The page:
The height, say h, left in the tank can be easily measured. However the volume will be proportional to the cross-sectional area - not the height. Suppose the cross section is elliptical. Your task...

The height, say h, left in the tank can be easily measured. However the volume will be proportional to the cross-sectional area - not the height. Suppose the cross section is elliptical. Your task is to find the area of ellipse, and so provide a link between area and volume.

Asked on by petrovka

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sciencesolve's profile pic

sciencesolve | Teacher | (Level 3) Educator Emeritus

Posted on

You need to remember that the area of the circle is `A = pi*r^2` .

If the radius of the circle measures 1 unit and if you stretch the circle in x direction by A and in y direction by B, the area of the new shape is `A = pi*A*B*1^2` . 

This new geometric shape represents an ellipse and A denotes one half of major axis length and B denotes one half of minor axis length.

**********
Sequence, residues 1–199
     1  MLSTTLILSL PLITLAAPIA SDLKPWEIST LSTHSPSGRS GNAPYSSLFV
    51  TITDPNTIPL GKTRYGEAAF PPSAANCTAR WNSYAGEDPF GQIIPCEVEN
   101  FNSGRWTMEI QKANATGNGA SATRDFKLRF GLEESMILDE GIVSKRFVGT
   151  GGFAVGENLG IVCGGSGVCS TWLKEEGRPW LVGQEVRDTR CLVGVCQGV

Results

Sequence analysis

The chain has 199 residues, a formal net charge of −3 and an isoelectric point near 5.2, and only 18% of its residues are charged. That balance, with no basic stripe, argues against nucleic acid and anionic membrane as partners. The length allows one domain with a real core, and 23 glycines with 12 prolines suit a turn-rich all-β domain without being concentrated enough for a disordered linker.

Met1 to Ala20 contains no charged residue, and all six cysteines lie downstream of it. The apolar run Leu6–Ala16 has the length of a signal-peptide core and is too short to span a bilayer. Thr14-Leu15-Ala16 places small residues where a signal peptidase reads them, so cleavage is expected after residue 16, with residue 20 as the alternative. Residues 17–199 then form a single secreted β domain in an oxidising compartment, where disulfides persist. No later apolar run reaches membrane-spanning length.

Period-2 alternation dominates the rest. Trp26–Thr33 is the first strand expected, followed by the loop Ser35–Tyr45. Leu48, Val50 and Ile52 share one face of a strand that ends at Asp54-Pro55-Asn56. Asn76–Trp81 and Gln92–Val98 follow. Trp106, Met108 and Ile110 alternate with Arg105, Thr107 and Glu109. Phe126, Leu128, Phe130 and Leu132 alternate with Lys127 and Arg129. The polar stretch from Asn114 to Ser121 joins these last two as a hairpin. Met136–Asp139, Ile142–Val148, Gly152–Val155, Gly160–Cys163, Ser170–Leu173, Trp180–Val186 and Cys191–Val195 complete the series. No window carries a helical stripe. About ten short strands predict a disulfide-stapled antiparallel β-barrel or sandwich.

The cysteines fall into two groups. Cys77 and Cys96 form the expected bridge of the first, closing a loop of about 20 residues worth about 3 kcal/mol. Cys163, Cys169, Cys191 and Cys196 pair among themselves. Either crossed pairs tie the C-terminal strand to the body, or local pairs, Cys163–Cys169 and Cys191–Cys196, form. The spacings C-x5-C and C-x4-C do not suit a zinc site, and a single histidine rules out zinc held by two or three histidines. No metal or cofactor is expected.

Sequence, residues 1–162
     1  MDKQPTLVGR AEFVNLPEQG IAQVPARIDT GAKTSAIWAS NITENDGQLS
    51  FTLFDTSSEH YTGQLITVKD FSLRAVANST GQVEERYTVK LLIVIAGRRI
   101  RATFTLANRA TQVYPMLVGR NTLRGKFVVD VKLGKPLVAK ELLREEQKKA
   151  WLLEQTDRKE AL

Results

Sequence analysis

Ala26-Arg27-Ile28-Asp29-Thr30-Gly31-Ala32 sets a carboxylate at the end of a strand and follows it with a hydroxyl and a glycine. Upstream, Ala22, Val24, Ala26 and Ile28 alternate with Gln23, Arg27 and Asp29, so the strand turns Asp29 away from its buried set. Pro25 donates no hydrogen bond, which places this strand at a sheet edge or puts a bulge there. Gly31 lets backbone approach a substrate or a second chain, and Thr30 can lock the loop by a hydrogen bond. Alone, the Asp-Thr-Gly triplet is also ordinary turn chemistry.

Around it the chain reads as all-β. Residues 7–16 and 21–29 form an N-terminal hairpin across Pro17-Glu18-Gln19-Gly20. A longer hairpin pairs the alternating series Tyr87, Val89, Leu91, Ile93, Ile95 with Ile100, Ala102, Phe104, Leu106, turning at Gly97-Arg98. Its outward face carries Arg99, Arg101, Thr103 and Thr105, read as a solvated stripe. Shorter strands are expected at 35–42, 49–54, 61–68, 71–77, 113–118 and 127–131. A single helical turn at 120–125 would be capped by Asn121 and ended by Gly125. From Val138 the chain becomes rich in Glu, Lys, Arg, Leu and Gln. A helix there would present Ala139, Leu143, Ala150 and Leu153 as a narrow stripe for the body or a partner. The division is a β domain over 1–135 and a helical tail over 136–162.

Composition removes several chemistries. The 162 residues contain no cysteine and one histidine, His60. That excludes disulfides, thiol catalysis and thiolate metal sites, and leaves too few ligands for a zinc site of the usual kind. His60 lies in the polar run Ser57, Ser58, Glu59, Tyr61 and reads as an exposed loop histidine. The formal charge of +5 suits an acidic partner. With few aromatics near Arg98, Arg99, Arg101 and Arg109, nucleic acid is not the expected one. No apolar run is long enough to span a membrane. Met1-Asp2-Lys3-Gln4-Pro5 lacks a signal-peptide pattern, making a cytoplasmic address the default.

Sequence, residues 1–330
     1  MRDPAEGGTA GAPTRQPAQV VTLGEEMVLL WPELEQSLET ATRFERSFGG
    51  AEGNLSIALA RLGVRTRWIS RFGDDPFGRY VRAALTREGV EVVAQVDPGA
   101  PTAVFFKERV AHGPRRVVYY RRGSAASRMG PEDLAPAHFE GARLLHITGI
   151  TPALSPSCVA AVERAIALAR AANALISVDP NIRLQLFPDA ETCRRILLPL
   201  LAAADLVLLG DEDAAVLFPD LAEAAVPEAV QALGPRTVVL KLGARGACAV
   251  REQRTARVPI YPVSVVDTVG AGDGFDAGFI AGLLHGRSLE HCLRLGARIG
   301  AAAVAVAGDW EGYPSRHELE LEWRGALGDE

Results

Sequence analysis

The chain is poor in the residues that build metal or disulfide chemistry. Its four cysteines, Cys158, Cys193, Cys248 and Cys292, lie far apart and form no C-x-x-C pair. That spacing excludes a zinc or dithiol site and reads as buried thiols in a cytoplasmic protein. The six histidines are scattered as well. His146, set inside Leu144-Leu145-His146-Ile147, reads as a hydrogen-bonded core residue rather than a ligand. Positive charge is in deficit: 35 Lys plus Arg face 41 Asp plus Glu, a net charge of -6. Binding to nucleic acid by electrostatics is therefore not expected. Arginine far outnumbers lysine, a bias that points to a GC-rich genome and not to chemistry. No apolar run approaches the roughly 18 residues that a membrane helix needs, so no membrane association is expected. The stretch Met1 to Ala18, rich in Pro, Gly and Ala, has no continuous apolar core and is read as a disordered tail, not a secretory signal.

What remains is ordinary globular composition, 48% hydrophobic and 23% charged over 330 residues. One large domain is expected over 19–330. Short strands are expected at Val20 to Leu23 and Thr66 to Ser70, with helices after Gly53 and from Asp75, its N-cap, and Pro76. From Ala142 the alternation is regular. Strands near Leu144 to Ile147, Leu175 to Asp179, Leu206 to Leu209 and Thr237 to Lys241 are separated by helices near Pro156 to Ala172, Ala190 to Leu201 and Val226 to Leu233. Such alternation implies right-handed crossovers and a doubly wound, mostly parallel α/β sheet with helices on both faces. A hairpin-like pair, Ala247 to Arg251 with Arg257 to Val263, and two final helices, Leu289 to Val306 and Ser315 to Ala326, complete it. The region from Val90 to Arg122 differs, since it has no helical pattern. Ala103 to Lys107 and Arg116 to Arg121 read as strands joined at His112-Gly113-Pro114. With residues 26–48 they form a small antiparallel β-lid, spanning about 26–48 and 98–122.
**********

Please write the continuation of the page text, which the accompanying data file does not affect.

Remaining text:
You should get the area of ellipse integrating the equation of ellipse:

`(x^2)/(A^2) + (y^2)/(B^2) = 1`

`` You need to solve for y hence: `y^2 =B^2(1 - (x^2)/(A^2)) `

`y^2 = (B^2)/(A^2)*(A^2 - x^2) =gt y = +-(B/A)sqrt(A^2 - x^2)`

You need to evaluate definite integral of the equation of ellipse to determine the area such that:

Area = `int_(-A)^A (2B/A)sqrt(A^2 - x^2) dx`

Area `= (1/2)*(xsqrt(A^2 - x^2) + A^2*arcsin (x/A))|_(-A)^A`

Area `= A*B(pi/2 + pi/2) = pi*A*B`

The volume of tank is area of ellipse multiplied by the height, hence:

`V = pi*A*B*h`

Hence, the area of the ellipse is Area = `pi*A*B`  and volume of the tank is V = `pi*A*B*h` .

najm1947's profile pic

najm1947 | Elementary School Teacher | (Level 1) Valedictorian

Posted on

The cross-sectional area of the ellipse = pi * a * b / 4,

where a and b are major and minor axis.

If h is the height of fluid left in tank then

Volume of the fluid in the tank   = pi * a * b * h / 4

The length of major and minor axis can also be measured as one time activity.

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